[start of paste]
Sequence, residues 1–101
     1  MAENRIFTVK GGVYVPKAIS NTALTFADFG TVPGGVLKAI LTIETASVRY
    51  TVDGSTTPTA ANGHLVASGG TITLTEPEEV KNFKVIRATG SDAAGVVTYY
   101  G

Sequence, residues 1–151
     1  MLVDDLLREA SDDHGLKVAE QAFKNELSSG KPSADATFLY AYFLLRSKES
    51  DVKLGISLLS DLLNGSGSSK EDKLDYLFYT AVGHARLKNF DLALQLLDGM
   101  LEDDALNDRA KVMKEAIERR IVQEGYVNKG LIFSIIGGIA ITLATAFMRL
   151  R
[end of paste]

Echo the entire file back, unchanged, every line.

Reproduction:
Sequence, residues 1–101
     1  MAENRIFTVK GGVYVPKAIS NTALTFADFG TVPGGVLKAI LTIETASVRY
    51  TVDGSTTPTA ANGHLVASGG TITLTEPEEV KNFKVIRATG SDAAGVVTYY
   101  G

Sequence, residues 1–151
     1  MLVDDLLREA SDDHGLKVAE QAFKNELSSG KPSADATFLY AYFLLRSKES
    51  DVKLGISLLS DLLNGSGSSK EDKLDYLFYT AVGHARLKNF DLALQLLDGM
   101  LEDDALNDRA KVMKEAIERR IVQEGYVNKG LIFSIIGGIA ITLATAFMRL
   151  R